Report shows rise in groundwater levels after multiple years of decline

February 4, 2016

Lincoln, Neb. — The 2015 Nebraska Statewide Groundwater-Level Monitoring Report reveals that much of the state is beginning to recover from the 2012-13 drought. 

From spring 2014 to spring 2015, water levels began to rise after significant declines resulting from an extended period of drought from early 2012 through summer 2013. Above-normal precipitation for much of Nebraska and better water-use practices accounted for the rises. The average change from spring 2014 to spring 2015 was a rise of 0.53 feet. 

Although these one-year rises are good, many parts of the state remain below 2012 levels, according to the report. Eastern Nebraska saw some of the largest rises, with some wells recording rises of 10 to 15 feet. Rises in these areas are the result of above-average precipitation and reduced need for irrigation pumping. Other notable areas of rises of one to more than 10 feet occurred in the central Panhandle and Perkins, Custer and Dawson counties.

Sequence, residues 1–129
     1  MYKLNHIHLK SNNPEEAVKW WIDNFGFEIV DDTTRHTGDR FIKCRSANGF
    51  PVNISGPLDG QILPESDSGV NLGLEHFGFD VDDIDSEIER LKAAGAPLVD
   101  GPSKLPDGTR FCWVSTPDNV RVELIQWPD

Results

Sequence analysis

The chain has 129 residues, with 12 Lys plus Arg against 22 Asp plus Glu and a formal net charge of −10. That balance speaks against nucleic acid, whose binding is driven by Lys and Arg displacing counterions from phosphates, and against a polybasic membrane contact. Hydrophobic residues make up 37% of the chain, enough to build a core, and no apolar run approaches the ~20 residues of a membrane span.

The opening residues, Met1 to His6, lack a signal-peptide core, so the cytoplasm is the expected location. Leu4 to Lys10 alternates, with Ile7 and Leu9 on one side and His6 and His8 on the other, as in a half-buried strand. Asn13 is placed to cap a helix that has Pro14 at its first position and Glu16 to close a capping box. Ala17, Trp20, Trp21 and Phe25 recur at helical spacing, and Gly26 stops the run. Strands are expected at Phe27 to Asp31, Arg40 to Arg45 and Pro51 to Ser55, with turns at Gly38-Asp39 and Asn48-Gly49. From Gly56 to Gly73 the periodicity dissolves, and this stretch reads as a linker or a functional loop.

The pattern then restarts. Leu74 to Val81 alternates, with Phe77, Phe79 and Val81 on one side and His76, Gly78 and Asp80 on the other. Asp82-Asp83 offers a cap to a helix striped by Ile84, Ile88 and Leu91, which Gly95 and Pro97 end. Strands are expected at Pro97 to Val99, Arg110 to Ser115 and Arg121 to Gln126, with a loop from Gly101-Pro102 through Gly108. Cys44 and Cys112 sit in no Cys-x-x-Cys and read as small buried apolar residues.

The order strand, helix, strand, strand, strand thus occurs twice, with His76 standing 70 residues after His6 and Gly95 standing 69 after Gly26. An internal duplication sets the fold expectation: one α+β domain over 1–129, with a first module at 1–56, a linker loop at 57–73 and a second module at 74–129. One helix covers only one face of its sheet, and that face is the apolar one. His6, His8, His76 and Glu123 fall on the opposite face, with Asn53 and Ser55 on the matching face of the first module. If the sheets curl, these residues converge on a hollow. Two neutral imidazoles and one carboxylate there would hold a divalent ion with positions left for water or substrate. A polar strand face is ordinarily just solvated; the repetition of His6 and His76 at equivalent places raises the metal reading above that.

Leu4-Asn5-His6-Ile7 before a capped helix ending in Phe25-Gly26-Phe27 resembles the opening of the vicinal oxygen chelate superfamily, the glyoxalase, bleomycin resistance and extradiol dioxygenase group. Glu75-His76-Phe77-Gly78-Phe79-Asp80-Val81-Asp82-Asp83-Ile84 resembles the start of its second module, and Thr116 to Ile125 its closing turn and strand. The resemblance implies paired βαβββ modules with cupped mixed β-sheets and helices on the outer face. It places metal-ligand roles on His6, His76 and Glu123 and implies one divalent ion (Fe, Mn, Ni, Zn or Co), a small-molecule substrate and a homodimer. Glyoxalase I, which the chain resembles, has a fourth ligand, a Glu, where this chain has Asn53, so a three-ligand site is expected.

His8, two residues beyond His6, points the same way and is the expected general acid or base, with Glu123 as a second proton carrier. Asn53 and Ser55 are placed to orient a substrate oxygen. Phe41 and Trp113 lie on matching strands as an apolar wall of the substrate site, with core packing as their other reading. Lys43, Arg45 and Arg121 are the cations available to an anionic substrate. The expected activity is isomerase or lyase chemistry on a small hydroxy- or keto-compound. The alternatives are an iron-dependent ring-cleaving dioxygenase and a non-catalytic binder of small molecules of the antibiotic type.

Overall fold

The maps represent conditions as of late March and early April 2015 and do not take into account some of the record-setting precipitation events in eastern Nebraska in spring and summer 2015. It is expected that in spring 2016 water levels will continue to rise throughout much of the state as was seen in spring 2015, particularly in eastern Nebraska, where flooding was common.

Nebraska groundwater-level monitoring began in 1930. The annual reports and maps have been produced by the Conservation and Survey Division in the School of Natural Resources at the University of Nebraska-Lincoln since the 1950s.

Statewide groundwater-level monitoring reports depict the change in water levels from spring to spring at different time scales. The reports study the rates of drawdown and recharges measured in regional wells and give a general depiction of the state of groundwater levels on a yearly basis. The reports also compare historical trends of regional water levels over extended periods of time. 

Collecting data is an effort between the U.S. Geological Survey, U.S. Bureau of Reclamation, Nebraska Natural Resources Districts and Central Nebraska Public Power and Irrigation District.  

The 2015 Nebraska Statewide Groundwater-Level Monitoring Report is available for $5 at the Nebraska Maps and More Store in Hardin Hall, 33rd and Holdrege streets, or online at http://marketplace.unl.edu/nemaps and http://amazon.com. To order by phone, call (402) 472-3471. Maps and other groundwater information can be found at http://go.unl.edu/groundwater.


Aaron Young
School of Natural Resources
402-472-8339
ayoung3@unl.edu